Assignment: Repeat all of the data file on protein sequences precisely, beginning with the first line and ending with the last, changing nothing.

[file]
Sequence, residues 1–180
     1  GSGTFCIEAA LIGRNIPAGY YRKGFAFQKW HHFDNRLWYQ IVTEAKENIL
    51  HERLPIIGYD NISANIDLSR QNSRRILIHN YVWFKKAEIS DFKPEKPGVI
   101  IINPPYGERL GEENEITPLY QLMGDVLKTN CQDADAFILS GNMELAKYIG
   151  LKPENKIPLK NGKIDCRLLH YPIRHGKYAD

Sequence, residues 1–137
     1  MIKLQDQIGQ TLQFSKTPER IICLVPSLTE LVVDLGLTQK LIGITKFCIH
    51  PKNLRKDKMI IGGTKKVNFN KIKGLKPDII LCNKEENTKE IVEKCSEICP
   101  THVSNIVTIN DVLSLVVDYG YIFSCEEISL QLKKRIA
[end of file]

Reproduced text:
Sequence, residues 1–180
     1  GSGTFCIEAA LIGRNIPAGY YRKGFAFQKW HHFDNRLWYQ IVTEAKENIL
    51  HERLPIIGYD NISANIDLSR QNSRRILIHN YVWFKKAEIS DFKPEKPGVI
   101  IINPPYGERL GEENEITPLY QLMGDVLKTN CQDADAFILS GNMELAKYIG
   151  LKPENKIPLK NGKIDCRLLH YPIRHGKYAD

Sequence, residues 1–137
     1  MIKLQDQIGQ TLQFSKTPER IICLVPSLTE LVVDLGLTQK LIGITKFCIH
    51  PKNLRKDKMI IGGTKKVNFN KIKGLKPDII LCNKEENTKE IVEKCSEICP
   101  THVSNIVTIN DVLSLVVDYG YIFSCEEISL QLKKRIA